By this circuitous route, we come to the subject of today’s post, the EWTN documentary Called and Chosen: Fr. Vincent Capodanno. Fr. Capodanno was a Catholic priest and Navy chaplain during Vietnam. He did not begin his ministry in the Navy; in fact, joining the military was the furthest thing from his mind when he entered the Maryknoll seminary in New York at the age of twenty.

Inspired as a boy by the stories of martyred missionaries who had left Maryknoll to preach to the Chinese, Fr. Capodanno entered the seminary and was ordained a priest. He was sent to Taiwan for some years, returning home to visit his family after that missionary stint. To his dismay, he learned his next assignment would not be back in his beloved Taiwan but in Hong Kong, which was not then part of Red China.

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Desperate to return to Taiwan, Fr. Capodanno wrote letters to his superiors asking to be transferred there or to be sent home for another assignment somewhere else. He continued to do this even after his requests were rejected. So it was with some surprise that his superiors received an abrupt, new request from the priest: he suddenly wanted to become a Navy chaplain, and he wanted to be assigned to the Marines serving in the jungles of Vietnam.

Well, any request to go to Vietnam would be surprising back in the ‘60s, when the War was being manhandled by politicians and protested vigorously by the academics, the media, and their unfortunate cohorts of young believers across U.S. campuses. Nevertheless, Fr. Capodanno’s new request was granted and he underwent a year of chaplain’s training before being assigned to the Marines. He died in combat September 4, 1967, giving the Last Rites to the Marines who died when his division was ambushed by the Viet Cong.

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I will not spoil any more of the documentary for you, readers. You can find it on DVD through EWTN, Amazon, or Ignatius Press. Toward the end of the film, I had to sniff a lot to keep from crying. Fr. Capodanno’s story of love and sacrifice is moving on its own, but that is only part of the reason why this blogger had to hold back tears.

You see, even when I did not understand the stories about Vietnam completely, I did realize that the men who had served in that war were different than the “Greatest Generation.” Slowly, by degrees, I began to comprehend how they were abused by the public after they came home.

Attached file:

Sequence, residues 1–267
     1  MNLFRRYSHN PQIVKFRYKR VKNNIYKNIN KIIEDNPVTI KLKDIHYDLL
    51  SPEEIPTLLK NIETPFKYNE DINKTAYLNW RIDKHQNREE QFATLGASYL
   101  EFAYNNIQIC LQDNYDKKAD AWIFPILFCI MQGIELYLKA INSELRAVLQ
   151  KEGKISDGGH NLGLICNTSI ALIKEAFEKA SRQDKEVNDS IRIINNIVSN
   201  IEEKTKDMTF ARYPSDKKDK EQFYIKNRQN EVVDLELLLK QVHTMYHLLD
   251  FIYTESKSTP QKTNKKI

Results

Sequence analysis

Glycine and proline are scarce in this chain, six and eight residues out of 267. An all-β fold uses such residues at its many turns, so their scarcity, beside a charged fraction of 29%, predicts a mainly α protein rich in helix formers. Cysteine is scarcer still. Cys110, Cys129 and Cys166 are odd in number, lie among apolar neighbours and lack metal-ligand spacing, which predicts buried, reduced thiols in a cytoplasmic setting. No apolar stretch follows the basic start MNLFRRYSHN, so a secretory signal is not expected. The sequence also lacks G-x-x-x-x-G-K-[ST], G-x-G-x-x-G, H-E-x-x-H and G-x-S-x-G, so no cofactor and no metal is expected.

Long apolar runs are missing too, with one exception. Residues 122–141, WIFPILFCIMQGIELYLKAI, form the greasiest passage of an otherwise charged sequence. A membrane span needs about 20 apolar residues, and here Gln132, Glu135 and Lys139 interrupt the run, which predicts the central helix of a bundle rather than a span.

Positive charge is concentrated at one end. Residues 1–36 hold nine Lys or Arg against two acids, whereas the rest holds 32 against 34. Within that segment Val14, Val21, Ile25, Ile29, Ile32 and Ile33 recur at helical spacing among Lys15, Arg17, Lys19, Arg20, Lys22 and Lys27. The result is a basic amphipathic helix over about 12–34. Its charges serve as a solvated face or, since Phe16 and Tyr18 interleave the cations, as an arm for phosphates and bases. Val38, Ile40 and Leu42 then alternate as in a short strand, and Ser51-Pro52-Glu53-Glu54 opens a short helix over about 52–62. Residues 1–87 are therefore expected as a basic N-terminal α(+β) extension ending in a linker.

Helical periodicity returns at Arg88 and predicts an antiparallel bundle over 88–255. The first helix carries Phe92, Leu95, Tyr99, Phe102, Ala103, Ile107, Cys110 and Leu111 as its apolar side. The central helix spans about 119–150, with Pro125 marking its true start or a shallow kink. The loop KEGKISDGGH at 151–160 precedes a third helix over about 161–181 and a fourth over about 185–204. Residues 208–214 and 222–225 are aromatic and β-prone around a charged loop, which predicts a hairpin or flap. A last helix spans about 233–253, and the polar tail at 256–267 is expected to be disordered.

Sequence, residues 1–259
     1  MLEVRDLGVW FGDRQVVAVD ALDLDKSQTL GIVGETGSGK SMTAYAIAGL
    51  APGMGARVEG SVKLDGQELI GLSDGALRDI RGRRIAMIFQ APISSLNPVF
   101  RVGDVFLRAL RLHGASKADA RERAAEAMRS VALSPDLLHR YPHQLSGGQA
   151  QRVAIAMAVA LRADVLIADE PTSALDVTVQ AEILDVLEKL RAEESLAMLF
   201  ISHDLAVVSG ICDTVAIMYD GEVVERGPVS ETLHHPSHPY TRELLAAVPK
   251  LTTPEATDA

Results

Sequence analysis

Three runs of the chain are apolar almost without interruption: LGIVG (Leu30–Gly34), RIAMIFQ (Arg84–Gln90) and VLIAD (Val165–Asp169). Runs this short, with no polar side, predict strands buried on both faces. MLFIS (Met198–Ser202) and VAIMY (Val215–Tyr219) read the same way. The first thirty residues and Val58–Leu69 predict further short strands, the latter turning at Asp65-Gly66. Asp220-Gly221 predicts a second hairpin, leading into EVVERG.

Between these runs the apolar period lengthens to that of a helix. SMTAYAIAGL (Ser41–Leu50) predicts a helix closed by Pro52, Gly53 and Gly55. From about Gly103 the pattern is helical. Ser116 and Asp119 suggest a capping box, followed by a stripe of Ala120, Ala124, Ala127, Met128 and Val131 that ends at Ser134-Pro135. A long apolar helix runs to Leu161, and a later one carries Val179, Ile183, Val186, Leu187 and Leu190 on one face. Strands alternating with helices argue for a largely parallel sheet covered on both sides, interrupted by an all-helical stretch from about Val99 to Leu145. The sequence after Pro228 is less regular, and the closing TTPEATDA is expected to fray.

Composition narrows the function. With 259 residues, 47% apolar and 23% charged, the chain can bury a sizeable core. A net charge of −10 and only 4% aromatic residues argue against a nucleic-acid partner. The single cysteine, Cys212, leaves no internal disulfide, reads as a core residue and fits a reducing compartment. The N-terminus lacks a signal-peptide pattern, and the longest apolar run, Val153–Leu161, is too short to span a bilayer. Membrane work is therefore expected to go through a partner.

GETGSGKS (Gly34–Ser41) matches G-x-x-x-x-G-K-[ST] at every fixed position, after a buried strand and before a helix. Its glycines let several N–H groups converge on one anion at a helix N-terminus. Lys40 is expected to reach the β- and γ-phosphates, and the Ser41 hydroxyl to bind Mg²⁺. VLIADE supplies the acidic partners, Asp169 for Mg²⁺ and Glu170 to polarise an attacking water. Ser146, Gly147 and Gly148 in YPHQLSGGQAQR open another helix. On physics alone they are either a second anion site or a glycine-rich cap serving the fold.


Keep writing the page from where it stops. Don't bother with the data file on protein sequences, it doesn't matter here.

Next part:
What really stymied me, however, was why they were treated like this. Referring back to the top of this article, you will recall my mention of movies about World War II. Several of these were made before the War had even ended, yet our soldiers who were fighting overseas were being cheered to the echo nonetheless. We didn’t know for a while there whether or not we would win, but the movies of that era never wavered in their morale-boosting narrative that victory was within our grasp.

The incongruence between the lionization of the “Greatest Generation” and the attacks on the Vietnam generation made so little sense to me that I did not pay very much attention to it for quite some time. Learning more about Vietnam over the years, though, I cannot convey in words the profundity of my ire for the academic/journalistic complex who mistreated our men when they came home, nor for the politicians who seized on their narrative in order to remain in power.

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Now, of course, some of you will start yelling about the politics and the reasons why the Vietnam War was wrong. The politicians and people in charge of fighting the Viet Cong did not run the war effort well, I grant you; I believe a number of them actually wanted us to lose it. Their “mistakes” also gave the academics and journalists ample opportunity to attack and demoralize our military, making matters even worse. But none of this means the War itself was wrong.

More to the point, to borrow Fr. Capodanno’s answer to those who challenged him about the War’s politics, the affairs of state were no excuse to abuse our returning veterans. Our men were fighting, bleeding, and dying in Vietnam’s jungles. They were far from home, in a place they didn’t want to be, fighting for a cause no one clearly explained (the defeat of the Communists in Vietnam to preserve freedom there and in the rest of the world).

Yet the populace who should have respected them for their sacrifice was encouraged – nay, goaded – into treating them like trash when they came back. Our men returning from the Hell that was Vietnam were subsequently hounded and derided as cowards, monsters, and demons when they came home.

They were told they were more hideous than the enemy that tortured, maimed, and killed their brothers. They were told that they were worse than the Communists who used women and children as human shields, that they were as evil and cruel as the beasts who used children as suicide bombers, spies, and soldiers. They were treated as ticking time bombs that might go postal on innocent bystanders at any moment because they had been to Vietnam, where you could not tell who was friend and who was foe. They returned from hell to face a new hell; a hell where their families, friends, neighbors, and total strangers tortured them with words, actions, or petulant, suspicious silence.

Never again. I never want to see this happen to our armed forces again. For the rest of my life I will read these stories, hear these tales, and watch these documentaries with tears in my eyes. Those tears will not just be for the suffering of our men and the South Vietnamese during the war. No, they will be for the treatment our men received when they came home, and for the retribution wrought by the Viet Cong on the South Vietnamese after we left them to the Communists.